What you should know about subletting in NYC
For many New York City transplants, subletting an apartment has provided an important stepping stone for starting life in the Big Apple. Since subletting in NYC involves renting a property through another tenant (as opposed to dealing directly with a landlord or management company), it can be a great option for short-term stays while combing the city for a more permanent abode. Even long-term visitors may find it more affordable to sublet a place rather than checking into a pricey hotel for a month. Whether you’re moving to the city or simply enjoying an extended stay, here’s what you should know about subletting in NYC.
Sublets must be for a minimum of 30 days.
Although some New Yorkers were listing their apartments as weekend rentals during the initial Air BnB craze, keep in mind that, legally, all sublets and short-term rentals must be for a minimum of 30 days. The one loophole: If the tenant is also living in the apartment while you’re there – let’s say they have a spare bedroom that you can sublet – then there’s no minimum.
Prices can be finicky.
When it comes to pricing, sublets in NYC are all over the place. It’s illegal for a tenant to charge more than a month’s rent to someone who is subletting an apartment, but occasionally, they may drop the price slightly if demand isn’t high enough. If a subletting term is for longer than a year, however, the landlord may also raise the rent price.
Beware of illegal sublets.
Unfortunately, the NYC real estate world is riddled with online scams and shady tenants. Beware of illegal sublets (the last thing you need is a sudden eviction), and make sure you only respond to reputable listings. Be especially careful of Craigslist.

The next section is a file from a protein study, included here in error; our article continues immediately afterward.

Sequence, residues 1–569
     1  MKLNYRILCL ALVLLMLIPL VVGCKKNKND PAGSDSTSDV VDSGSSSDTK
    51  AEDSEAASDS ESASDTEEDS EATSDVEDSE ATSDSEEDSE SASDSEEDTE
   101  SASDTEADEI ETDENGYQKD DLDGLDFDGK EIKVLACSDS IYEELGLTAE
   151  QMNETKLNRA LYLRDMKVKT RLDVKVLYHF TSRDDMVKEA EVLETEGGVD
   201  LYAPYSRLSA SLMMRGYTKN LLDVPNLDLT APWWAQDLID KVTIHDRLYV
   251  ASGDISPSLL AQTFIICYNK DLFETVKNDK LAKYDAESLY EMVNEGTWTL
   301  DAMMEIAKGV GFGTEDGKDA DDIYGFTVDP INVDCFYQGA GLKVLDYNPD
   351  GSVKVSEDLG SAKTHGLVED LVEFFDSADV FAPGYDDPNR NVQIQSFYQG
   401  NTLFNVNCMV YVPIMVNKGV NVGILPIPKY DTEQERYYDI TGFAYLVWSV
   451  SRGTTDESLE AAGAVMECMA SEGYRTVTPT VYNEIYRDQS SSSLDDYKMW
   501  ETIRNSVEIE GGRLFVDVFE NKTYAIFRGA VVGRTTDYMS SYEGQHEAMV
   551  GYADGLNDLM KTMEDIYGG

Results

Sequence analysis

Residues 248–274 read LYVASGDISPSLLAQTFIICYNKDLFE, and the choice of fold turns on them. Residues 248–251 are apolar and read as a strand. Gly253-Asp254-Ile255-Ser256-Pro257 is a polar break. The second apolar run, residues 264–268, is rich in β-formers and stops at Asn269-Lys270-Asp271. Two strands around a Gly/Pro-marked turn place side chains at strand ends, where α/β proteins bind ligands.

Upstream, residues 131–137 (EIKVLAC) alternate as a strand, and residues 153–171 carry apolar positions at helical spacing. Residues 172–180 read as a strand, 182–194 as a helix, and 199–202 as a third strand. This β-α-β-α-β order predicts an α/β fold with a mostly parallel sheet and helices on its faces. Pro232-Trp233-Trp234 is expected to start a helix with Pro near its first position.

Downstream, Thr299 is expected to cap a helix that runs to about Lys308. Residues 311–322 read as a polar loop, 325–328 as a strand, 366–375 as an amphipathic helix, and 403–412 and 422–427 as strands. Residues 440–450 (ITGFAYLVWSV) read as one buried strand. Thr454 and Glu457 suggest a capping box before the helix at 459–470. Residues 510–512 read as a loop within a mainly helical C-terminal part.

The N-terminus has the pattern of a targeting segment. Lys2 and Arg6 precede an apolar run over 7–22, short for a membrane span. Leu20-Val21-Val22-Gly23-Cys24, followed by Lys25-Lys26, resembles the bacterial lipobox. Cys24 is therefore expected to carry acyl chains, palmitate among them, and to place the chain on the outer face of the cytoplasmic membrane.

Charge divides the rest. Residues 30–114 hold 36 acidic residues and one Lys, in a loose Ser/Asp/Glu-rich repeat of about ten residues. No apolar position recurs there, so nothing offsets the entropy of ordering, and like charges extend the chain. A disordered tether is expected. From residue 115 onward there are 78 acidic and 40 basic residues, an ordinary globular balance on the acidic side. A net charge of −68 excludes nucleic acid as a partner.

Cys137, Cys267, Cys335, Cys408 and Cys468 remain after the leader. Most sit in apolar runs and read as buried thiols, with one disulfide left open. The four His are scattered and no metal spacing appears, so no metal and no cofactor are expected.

Look in the right places.
Facebook groups can be an excellent place to find temporary housing in NYC, and those groups are often frequented by real estate agents who can point you in the right direction. Student housing boards are also a wonderful untapped resource – especially if you’re looking to sublet during the summer or winter. Columbia University, The New School and NYU are three boards worth reaching out to. And no, you don’t have to be a student to sublet!
Read through your sublease carefully.
When signing a sublease, be sure to read through the details carefully, as it will let you know what rights you do and don’t have while renting. Like with any apartment rental, your landlord will still be obligated to make sure the heat and hot water are working, as well as appliances – even if your name isn’t on the lease itself.
Don’t be afraid to ask questions.
Protect yourself from any unexpected surprises by asking as many questions as possible during the subletting process. Will the apartment be furnished or unfurnished? Do you have to bring your own towels and bedding? How are the bills handled? Most discrepancies happen when there’s a lack of communication from either a renter or tenant, and you really can’t be too careful.
Additionally, if the sublet has another roommate already living there, ask if there’s a reason why the other tenant is subletting his or her room. It’s New York City and you never know what kind of crazy roommate situation you may come across.
Have you had any experience subletting in NYC? Tell us about it in the comments below!